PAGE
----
Lowland Trees Planted in a High Desert …
Then he told this parable: “A man had a fig tree growing in his vineyard, and he went to look for fruit on it but did not find any. So he said to the man who took care of the vineyard, ‘For three years now I’ve been coming to look for fruit on this fig tree and haven’t found any. Cut it down! Why should it use up the soil?’
“‘Sir,’ the man replied, ‘leave it alone for one more year, and I’ll dig around it and fertilize it. If it bears fruit next year, fine! If not, then cut it down’” (Lk. 13: 6-9, NIV).
Our subdivision has planted a number of new trees during the last couple of years. They’re doing this not so much because of environmental concerns, but because our subdivision is about 30 years old and the non-native trees that have been planted are reaching the end of their sustainable life in this native desert area. But still, they lived for many years with proper care. So, one of the regular sights this year, a year of drought, is the gardeners and their helpers loading up water from one of the fire hydrants and going around to water the newly planted trees in an effort to sustain them through this dry winter and to get them through to the season when water will come regularly, not so much from rain but from the sprinklers and irrigation for the landscape.
Environmentalists may take exception to all of this and ask the natural question: should we be trying to nurture a landscape of grass and trees that is mostly for pleasure and not for providing food in a part of the country that is naturally dry-land? I don’t know the answer to that. We are told in Scripture that we are to be “stewards” of the earth, but whether using our resources to provide a pleasant space to live and to play is a good use of those resources is beyond me. I guess I have voted that it is by living here, although that was not really a conscious decision. So much of our ethical decisions are made this way.
But I digress. I really wanted to talk about how the planting and watering of those trees reminded me of that strange passage in Scripture of Jesus and the barren fig trees … the need for attention to issues of the soil and roots in order for these trees to survive in barren land and in a time of drought.
It seems to me that you and I are living in a time of spiritual drought right now, and despite the many blessings of this land – it can still be a barren land. We have not been able to gather together to receive the blessing of living water and spiritual nutrition that fellowship with other Followers of Christ afford, we have had our core values of nationalistic pride challenged by misconduct during the presidential election, and the material blessings that we have become accustomed to in our robust economy have been threatened.
For some, this has not hampered their faith, but for others it has caused them to doubt, to waiver, and to question. Trees that once bore fruit are barren, young trees have ceased to develop and even older, mature trees have seen the fruit of their faith shrivel.
So what do we do? How do we dig around the roots and supply the water and nurture we need?
Some would say that this is an intellectual exercise and would encourage deeper study into the questions of the faith. I am not anti-intellectual, but that approach will not get to the ROOT of the problem.
Others, like the landowner, would say that it is the fault of the tree and simply abandon their faith.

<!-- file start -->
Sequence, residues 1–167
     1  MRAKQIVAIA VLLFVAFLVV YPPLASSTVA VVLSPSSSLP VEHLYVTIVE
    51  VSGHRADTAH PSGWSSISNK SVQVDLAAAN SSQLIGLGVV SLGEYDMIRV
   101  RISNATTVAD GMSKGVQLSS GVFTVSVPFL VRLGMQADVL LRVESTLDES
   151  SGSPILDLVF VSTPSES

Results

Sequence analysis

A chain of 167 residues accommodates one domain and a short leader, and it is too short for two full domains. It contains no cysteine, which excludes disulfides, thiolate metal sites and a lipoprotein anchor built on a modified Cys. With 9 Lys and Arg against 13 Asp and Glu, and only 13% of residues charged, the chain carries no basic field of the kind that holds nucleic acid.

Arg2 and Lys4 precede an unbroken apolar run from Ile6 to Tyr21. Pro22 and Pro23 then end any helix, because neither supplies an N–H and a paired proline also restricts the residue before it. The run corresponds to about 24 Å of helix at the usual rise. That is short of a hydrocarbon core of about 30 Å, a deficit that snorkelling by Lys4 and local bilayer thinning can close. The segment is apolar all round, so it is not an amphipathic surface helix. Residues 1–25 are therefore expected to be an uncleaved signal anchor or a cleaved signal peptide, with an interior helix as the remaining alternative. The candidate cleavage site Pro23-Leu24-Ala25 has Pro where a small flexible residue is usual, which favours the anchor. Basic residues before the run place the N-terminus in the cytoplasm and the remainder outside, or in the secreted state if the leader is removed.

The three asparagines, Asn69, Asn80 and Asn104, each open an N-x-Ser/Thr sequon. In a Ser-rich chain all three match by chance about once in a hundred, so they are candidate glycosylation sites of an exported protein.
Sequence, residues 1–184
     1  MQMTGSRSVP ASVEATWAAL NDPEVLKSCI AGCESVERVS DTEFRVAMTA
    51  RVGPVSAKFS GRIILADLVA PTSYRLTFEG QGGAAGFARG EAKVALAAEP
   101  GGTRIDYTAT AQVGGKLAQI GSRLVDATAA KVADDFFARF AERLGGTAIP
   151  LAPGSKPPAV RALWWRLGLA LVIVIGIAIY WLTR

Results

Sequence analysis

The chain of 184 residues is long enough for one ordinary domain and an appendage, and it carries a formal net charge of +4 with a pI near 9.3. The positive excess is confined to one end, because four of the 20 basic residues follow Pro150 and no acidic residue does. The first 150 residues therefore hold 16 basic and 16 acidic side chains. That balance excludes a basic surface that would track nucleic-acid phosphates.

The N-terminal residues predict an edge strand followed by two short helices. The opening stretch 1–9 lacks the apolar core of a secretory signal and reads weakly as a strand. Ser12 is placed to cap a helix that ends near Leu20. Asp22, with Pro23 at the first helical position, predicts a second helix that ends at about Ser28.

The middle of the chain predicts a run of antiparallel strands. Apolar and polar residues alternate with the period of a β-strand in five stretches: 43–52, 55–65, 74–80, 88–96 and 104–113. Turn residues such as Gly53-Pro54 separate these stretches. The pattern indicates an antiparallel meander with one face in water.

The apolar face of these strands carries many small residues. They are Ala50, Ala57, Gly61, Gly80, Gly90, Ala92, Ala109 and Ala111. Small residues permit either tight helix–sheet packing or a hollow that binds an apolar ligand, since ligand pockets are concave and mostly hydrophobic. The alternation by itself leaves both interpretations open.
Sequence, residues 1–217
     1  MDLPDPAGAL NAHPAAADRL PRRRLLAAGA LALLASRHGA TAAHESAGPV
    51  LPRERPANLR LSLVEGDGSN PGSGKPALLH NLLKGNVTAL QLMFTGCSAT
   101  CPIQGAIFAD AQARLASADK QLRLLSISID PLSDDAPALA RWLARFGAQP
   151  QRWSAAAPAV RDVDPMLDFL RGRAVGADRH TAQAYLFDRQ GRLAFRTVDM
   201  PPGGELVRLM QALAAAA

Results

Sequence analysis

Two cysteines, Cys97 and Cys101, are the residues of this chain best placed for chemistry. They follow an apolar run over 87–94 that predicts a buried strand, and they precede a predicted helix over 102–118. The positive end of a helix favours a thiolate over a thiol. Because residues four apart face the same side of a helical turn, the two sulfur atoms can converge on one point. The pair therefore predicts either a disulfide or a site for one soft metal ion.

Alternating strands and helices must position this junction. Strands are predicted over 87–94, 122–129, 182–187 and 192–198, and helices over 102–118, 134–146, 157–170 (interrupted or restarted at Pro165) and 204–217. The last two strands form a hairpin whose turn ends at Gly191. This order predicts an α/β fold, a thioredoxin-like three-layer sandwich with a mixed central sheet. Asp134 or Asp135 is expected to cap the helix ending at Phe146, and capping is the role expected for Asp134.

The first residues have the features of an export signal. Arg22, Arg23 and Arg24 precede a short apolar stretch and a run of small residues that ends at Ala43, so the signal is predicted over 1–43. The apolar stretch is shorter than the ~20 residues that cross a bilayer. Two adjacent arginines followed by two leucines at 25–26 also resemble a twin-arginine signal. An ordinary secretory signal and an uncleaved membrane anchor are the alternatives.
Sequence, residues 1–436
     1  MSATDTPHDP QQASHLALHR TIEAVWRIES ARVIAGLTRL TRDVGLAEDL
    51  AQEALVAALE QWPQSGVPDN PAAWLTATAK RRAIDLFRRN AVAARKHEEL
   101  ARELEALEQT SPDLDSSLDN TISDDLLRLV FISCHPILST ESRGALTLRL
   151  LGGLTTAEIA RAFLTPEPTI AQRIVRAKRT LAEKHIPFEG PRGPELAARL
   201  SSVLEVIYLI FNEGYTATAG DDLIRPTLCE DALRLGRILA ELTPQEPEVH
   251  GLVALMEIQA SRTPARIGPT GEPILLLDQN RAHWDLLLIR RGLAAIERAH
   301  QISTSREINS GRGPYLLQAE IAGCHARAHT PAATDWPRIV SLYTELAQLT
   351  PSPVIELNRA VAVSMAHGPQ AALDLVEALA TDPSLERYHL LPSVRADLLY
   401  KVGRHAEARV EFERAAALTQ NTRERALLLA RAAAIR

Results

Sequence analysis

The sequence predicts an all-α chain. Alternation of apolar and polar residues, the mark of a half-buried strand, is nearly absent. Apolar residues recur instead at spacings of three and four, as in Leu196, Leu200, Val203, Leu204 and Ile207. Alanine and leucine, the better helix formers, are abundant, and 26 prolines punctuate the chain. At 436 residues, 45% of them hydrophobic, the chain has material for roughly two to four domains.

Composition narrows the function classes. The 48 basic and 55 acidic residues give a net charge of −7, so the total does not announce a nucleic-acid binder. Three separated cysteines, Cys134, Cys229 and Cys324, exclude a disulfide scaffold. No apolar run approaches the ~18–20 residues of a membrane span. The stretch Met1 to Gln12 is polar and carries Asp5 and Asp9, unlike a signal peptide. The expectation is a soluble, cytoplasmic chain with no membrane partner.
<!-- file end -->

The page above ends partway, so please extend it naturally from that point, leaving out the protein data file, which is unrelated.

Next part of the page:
But the Master Gardner knows that it is a problem that can only be addressed by living water and core nutrients. Only by digging around the roots, loosening the soil and adding nutrients and water will life return and the tree of faith to become faithful again. Living water and God’s love have to be re-introduced into the barren, worn-out soil.
So how do you do this in your life or the life of your loved ones?
Read, re-tell and re-encounter the stories of the Faith. Read the Creation stories not with the eyes of a scientist challenging every little bit of the story, but with the eyes of a child discovering that it was God who made the world … God who made us … and that we are “fearfully and wonderfully made!”
Rediscover the deception of Satan and the poor choices of the first man and woman. See how a loving God continues to seek ways to connect with humanity despite our bad choices, how God gives us opportunities to re-connect time and time again. Read about the faith of our forbearers and the testimonies of praise and then …
See again how God’s love sent the Son to live with us and to be near us. How His presence in physical flesh and blood assures us that our Creator who is so much higher than you and me truly knows our struggles, and – how like a loving parent, God has stooped down to be on our level and to reassure us that we are loved.
Rediscover the reality that God’s love overcomes even the greatest of our fears, the fear of death and abandonment when we see a resurrected Jesus.
Encounter again Jesus’s promise that where He goes, we will go also.
In other words, to dig at the roots is to rediscover our faith … to retrace our own faith story and sink the roots of our soul in the Source of our Hope.
The barrenness in our spiritual lives is not an intellectual matter or even a situational problem … it is a matter of Faith. And like Thomas, the answer to our Faith problem is to re-encounter the source of our faith. And Paul reminds us that “faith comes by hearing, and hearing by the word of God” (Rom. 10:17, NKJV).
During the times of our spiritual drought, O Lord, we need to re-encounter You. We can read the texts, tell the stories and sing the songs, but faith will return only when we see You … touch You … experience again Your love. For this reason, O God, we draw near to You, that You might draw near to us. Amen.
Rev. Dr. Steve Van Ostran
American Baptist Churches of the Rocky Mountains